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Kurds rally in Turkey over murder of 3 women activists in Paris

By Ivan Watson and Gul Tuysuz, CNN
updated 12:23 PM EST, Fri January 11, 2013
  • Demonstrators rally by the French Consulate in Istanbul to protest women's deaths
  • A French investigation of the slayings of the three Kurdish women in Paris continues
  • An autopsy reveals that all three women were killed by multiple shots to the head
  • Speculation is rife over any link between the deaths and peace talks with the PKK

Istanbul (CNN) -- Several hundred mostly Kurdish demonstrators gathered for a rain-soaked protest in front of the French Consulate in Istanbul on Friday, a day after three Kurdish political activists were found shot dead in Paris.

The crowd, made up of Kurdish nationalists and left-leaning Turkish political parties, chanted "Sakine Cansiz is immortal."

Read more: How Paris killings could renew Kurdish flashpoint

Cansiz, the oldest of the three women murdered in the Paris offices of the Information Center for Kurdistan, was famous for being a co-founder of the Kurdistan Workers' Party, or PKK. Turkey, the United States and the European Union label the PKK a terrorist organization.

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Demonstrators also chanted "Long live Apo," hailing Abdullah Ocalan, the jailed leader of the PKK.

A human wall of Turkish riot police dressed in helmets and gas masks guarded the entrance of the French Consulate, as employees inside watched nervously through a window.

The French investigation into the slayings of the three Kurdish women -- Cansiz, Fidan Dogan and Leyla Soylemez -- is ongoing.

Read more: 3 Kurdish women political activists shot dead in Paris

An autopsy Friday found that two of the women were killed by three gunshot wounds to the head and the third by four shots to the head, a spokeswoman for the Paris prosecutor's office told CNN.

There is still no clear evidence as to what the motivation behind the apparent assassinations could be.

Kurdish activists have pointed the finger at possible Turkish involvement, while political leaders in Turkey have nodded to a possible feud within the PKK.

Report: Turkey's Kurdish conflict has turned more violent

"This could be an internal settling of scores, or it could be an initiative that was taken to create an obstacle in the way of the new honest steps we are taking," said Turkish Prime Minister Recep Tayyip Erdogan, according to the semiofficial Anatolian news agency.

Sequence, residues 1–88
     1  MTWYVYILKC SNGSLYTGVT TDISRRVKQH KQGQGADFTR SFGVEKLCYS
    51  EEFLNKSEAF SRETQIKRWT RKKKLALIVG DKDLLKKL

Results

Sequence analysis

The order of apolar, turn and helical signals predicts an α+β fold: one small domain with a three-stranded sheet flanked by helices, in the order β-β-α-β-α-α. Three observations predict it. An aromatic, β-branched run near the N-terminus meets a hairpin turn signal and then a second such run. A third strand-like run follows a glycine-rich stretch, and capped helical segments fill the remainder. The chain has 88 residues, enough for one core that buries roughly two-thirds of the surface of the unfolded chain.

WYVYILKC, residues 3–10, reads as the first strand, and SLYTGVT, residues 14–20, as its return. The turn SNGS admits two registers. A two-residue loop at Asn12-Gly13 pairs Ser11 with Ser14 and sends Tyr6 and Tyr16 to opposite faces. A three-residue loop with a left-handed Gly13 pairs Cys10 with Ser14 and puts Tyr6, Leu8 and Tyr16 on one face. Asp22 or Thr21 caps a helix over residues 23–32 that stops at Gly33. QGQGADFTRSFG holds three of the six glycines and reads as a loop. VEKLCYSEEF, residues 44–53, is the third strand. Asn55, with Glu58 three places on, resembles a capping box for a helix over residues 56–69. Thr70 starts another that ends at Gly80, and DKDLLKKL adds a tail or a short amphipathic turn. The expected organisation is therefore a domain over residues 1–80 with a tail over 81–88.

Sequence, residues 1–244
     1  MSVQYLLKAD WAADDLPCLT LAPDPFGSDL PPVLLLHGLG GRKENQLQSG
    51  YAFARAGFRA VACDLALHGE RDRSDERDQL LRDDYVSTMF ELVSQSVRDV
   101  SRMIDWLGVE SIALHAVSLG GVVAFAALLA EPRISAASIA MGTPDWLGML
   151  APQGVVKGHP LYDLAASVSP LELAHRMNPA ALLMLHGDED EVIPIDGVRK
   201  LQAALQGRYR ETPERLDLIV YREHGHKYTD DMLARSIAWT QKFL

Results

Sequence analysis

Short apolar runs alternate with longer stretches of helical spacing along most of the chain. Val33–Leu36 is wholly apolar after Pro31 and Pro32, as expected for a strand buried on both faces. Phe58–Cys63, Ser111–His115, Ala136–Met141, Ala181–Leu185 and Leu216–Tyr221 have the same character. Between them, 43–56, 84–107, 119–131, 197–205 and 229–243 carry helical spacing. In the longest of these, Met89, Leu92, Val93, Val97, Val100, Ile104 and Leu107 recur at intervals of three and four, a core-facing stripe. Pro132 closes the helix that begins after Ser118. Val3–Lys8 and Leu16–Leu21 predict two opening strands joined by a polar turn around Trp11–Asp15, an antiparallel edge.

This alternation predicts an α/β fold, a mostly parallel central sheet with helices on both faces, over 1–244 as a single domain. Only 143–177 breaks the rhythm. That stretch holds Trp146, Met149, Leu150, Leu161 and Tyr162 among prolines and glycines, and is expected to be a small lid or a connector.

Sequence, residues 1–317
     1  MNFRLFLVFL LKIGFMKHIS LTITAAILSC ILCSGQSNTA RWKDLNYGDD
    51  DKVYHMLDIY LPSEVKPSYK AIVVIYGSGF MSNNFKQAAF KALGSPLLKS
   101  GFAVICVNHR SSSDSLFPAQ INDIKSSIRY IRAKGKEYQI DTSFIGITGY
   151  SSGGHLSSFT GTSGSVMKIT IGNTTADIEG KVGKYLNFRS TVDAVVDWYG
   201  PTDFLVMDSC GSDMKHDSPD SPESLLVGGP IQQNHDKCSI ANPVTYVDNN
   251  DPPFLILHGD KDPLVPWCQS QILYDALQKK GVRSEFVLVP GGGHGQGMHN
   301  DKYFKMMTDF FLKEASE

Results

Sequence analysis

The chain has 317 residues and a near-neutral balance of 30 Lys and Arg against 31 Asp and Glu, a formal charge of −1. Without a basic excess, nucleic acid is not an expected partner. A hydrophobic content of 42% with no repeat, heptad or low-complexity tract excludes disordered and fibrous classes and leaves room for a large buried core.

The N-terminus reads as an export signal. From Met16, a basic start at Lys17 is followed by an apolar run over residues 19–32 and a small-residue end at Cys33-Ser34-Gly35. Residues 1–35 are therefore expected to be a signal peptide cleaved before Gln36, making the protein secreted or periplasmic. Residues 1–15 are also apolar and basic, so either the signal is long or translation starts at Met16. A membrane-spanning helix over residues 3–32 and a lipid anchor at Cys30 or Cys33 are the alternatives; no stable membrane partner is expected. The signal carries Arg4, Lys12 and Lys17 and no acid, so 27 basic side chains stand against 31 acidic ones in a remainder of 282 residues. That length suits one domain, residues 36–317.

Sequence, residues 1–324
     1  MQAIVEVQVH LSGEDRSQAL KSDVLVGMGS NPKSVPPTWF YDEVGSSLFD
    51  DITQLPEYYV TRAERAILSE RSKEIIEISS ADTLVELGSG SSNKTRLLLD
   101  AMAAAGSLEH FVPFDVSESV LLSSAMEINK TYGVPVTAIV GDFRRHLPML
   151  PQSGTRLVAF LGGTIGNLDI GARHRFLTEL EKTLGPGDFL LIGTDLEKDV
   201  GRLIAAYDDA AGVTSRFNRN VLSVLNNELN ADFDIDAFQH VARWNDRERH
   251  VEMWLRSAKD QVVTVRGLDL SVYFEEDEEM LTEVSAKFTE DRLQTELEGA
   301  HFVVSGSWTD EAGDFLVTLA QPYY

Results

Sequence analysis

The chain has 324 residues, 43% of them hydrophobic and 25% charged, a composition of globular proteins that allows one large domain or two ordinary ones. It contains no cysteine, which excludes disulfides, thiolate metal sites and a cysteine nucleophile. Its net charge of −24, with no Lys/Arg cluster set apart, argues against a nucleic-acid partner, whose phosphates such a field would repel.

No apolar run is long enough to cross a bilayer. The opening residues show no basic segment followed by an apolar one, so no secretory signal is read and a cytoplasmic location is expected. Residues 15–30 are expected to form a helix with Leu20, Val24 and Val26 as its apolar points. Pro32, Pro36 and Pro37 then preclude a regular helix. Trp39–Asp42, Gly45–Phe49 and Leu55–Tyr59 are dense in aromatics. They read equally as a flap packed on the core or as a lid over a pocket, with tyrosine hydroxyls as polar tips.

On Friday, the PKK rejected suggestions that the killings were part of an internal feud.

In a statement published by the Firat News Agency, a pro-PKK web portal, the PKK's Executive Committee blamed the murders on "international powers and the Turkish gladio."

"Gladio" refers to alleged shadowy paramilitary groups accused of carrying out acts of political violence on behalf of the Turkish state.

"It is not possible for this bloody attack to be carried out in a central place like this without the support of international intelligence services and states," the PKK added.

Read more: Turkish town on Syrian border deals with fighting, ethnic differences

The Turkish government issued a security warning to Turkish diplomatic missions throughout Europe.

"We asked the French to step up security around our diplomatic missions in France," said Selcuk Unal, a spokesman for the Turkish Foreign Ministry.

"And finally we asked our missions in France and Europe ... to be alert to any kind of provocation or possibility of provocation stemming from this incident."

Read more: Turkey police crack down on Kurds

Meanwhile, a Kurdish lawmaker told CNN that the bodies of all three Kurdish activists were expected to be sent from France to Turkey for funerals, though she added that an arrival date has not yet been set.

"This could be a bullet that is shot in the head of the peace talks," said Sebahat Tuncel, a parliament member from the pro-Kurdish Peace and Democracy Party, speaking to CNN after Friday's peaceful protest.

But, she added, "we should not suspend a possible peace process."

Read more: Kurdistan officials hope Iraq will allow Turkish minister in

Many in Turkey fear that the triple murder could derail delicate peace talks between the Turkish government and the PKK, which launched a guerrilla war against the Turkish state nearly 30 years ago. More than 40,000 people have been killed in one of the Middle East's longest-running conflicts.

Kurdish activists accuse the Turkish government of decades of discriminatory policies against the country's largest ethnic group. Turkish security forces have arrested thousands of Kurds in recent years on suspicion of terrorist activities.

Read more: Syria rebels, Kurdish militia discuss cease-fire

Last fall, the Turkish government initiated a new attempt at dialogue with Ocalan. The PKK leader is serving a life sentence in a prison on the Turkish island of Imrali.

"We knew achieving peace would be difficult, we knew there would be provocations ... we did not expect them to happen in France," said Tuncel, the Kurdish lawmaker.

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